AM: I think he opened many doors. I do have to give a certain background to him because before you had Dick Tiger, I think the first boxer of African origin, that is, from the 'Mother Continent' -and not African descended- to win laurels at world title level was a Senegalese fighter called Battling Siki. He won the world light heavyweight championship from George Carpentier in the early 1920s. He had a fascinating life because he was just a 'poor boy' from the slums of Dakar, Senegal who was brought over to France. I think he was the servant stroke paramour of a French lady of standing and he somehow managed to become embroiled in the First World War; he joined as a soldier and won military honours. His fighting prowess, discovered by French troops was later noted by the American troops and he made his way to America. He lived in the Hells Kitchen area of New York. And then after Battling Siki, you had Hogan Bassey at featherweight, who was the first world champion to come from Nigeria, in the 1950s and in many ways Dick Tiger followed on from Hogan Bassey and surpassed his achievements.

    UAJ: Okay. So would it be safe to say that he may have been the third successor in the lineage of African boxing?

    AM: Yes. In between there were a few prominent figures but if you want to talk about those who absolutely reached the top, yes, I would actually put it that way. And his achievements actually surpassed those of Battling Siki and Hogan Bassey because at the time when you actually had by general consensus one world champion for each of the eight traditional divisions -not the multifarious 'alphabet soup' organisations and subdivisions of titles that you have in today's world, Dick Tiger was able to win two undisputed world titles at the middleweight division and the undisputed title at the light heavyweight division and so in that sense, if you add to that the glamour surrounding Madison Square Garden in the 1960s when it was the 'TV age' boxing was broadcast into many American homes on a weekly basis and he was a very popular figure and obviously his role in the Nigerian Civil War and his personality -a very respected figure in the boxing fraternity, you see the graduation and you can say that his personality (and) his fighting prowess opened the doors for future boxing stars like Azumah Nelson of Ghana and John Mugabi of Uganda and right up to the present day Ike Quartey and other fighters like Samuel Peter, the Nigerian heavyweight who recently lost a title fight to one of the Klitschko brothers.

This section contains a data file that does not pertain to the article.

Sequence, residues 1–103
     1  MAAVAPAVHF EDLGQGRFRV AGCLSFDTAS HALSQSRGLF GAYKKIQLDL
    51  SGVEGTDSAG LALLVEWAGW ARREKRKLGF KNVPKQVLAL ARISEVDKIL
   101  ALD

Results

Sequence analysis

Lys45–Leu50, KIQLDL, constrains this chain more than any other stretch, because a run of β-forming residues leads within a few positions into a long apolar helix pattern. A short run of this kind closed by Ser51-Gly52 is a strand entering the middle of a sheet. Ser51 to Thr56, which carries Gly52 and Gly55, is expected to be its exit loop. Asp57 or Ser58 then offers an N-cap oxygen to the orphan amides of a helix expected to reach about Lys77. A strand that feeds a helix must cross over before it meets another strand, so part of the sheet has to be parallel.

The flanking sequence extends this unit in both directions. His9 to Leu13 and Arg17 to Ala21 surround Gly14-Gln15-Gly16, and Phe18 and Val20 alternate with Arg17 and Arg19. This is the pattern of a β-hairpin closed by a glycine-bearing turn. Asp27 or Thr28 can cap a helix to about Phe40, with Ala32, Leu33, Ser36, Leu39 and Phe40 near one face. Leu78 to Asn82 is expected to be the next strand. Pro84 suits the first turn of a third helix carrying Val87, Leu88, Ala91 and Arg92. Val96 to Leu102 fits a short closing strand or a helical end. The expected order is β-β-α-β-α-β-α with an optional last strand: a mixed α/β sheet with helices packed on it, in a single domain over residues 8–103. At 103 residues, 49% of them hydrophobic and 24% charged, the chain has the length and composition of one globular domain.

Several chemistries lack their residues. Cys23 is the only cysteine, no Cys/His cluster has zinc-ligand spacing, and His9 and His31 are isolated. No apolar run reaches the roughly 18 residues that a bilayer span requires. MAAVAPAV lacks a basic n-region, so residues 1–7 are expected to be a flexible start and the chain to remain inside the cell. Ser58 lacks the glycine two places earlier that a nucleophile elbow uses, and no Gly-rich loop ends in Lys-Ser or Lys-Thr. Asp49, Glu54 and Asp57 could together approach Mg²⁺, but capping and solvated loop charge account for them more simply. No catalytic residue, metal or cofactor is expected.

UAJ: Let me ask you: do you see a connection between the progress of African boxers back home in Africa and the progress of African boxers here in America? Is there a pan-African connection?

    AM: Yes and no. I think that -without deviating- that connection between Africa and America; certainly in the case of Dick Tiger and Hogan Bassey and even as I just mentioned in the case of Battling Siki, it wasn't usually a direct connection. It tended to be through Europe and Dick Tiger and Hogan Bassey were actually fighters who were part of this migration of West African fighters to Britain in the late 1940s and early 1950s who played a prominent role in boxing. It's often forgotten -even in Britain- that they kept the game alive during what was known as the Entertainment Tax era when there was a boxing recession caused by a 'double taxí on the proceeds that were obtained from open air sporting events. So that (England) was the jump off point to America. America in many ways is the citadel of boxing and so if you're going to be judged as a true champion of boxing, at some point, you must prove yourself against American opposition. Nigeria, for many reasons, has not developed and is not as influential as it should be. Nigeria became independent from Great Britain in 1960 and apart from economic and social matters, on a sporting level with two world champions in the bag in quick succession -Hogan Bassey and Dick Tiger- it was expected that Nigeria would more than hold its own and that hasn't happened -I don't know if I'm answering your question correctly- if a fighter from Africa is going to prove themselves, at some point, they must prove it on American soil; before American audiences and I suppose that still holds true. All the African fighters who are known to any degree have had to fight in America. Azumah Nelson, known as 'The Professor;' a great featherweight champion, a popular fighter in the United States in the 1980s. And you've got some up and coming fighters now of African descent; West African, East (inaudible) who will duly be recognised (inaudible)

    UAJ: On to his early years and basically, his development starts in leading him into the profession of boxing. Where did he come from and how did what he experienced in life influence him to get into the sport of boxing?